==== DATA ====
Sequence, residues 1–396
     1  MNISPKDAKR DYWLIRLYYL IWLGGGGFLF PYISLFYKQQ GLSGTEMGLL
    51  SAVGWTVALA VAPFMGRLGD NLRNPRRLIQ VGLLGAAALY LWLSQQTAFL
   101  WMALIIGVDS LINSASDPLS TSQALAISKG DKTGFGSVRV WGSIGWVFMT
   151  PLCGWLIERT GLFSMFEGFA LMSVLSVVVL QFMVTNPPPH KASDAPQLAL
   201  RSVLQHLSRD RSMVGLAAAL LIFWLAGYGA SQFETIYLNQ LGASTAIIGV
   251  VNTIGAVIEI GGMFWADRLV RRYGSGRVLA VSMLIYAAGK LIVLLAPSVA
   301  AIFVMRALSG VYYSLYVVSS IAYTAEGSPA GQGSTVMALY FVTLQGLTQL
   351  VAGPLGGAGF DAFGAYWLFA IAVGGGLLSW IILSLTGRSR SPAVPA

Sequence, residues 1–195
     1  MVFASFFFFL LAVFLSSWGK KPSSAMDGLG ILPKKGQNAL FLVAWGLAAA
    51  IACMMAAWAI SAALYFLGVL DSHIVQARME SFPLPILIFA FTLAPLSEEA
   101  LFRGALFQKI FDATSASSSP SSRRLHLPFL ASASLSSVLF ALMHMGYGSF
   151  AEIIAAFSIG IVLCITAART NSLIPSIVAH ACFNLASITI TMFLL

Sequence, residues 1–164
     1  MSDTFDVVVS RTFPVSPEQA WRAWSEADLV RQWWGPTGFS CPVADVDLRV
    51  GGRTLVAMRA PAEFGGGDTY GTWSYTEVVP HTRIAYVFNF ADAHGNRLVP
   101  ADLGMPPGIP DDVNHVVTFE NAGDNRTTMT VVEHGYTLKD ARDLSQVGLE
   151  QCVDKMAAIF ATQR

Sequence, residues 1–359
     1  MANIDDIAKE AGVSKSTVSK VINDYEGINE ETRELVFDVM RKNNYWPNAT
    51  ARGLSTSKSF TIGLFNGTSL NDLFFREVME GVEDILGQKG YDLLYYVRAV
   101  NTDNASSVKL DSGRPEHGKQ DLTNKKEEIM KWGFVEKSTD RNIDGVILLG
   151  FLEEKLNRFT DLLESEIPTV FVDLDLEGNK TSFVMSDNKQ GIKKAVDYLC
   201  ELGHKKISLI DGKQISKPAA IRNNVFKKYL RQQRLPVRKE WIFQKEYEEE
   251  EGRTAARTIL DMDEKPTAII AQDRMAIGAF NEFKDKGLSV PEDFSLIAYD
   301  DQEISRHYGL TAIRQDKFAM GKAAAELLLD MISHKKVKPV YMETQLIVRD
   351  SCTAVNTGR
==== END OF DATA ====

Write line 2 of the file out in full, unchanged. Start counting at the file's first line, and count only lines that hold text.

     1  MNISPKDAKR DYWLIRLYYL IWLGGGGFLF PYISLFYKQQ GLSGTEMGLL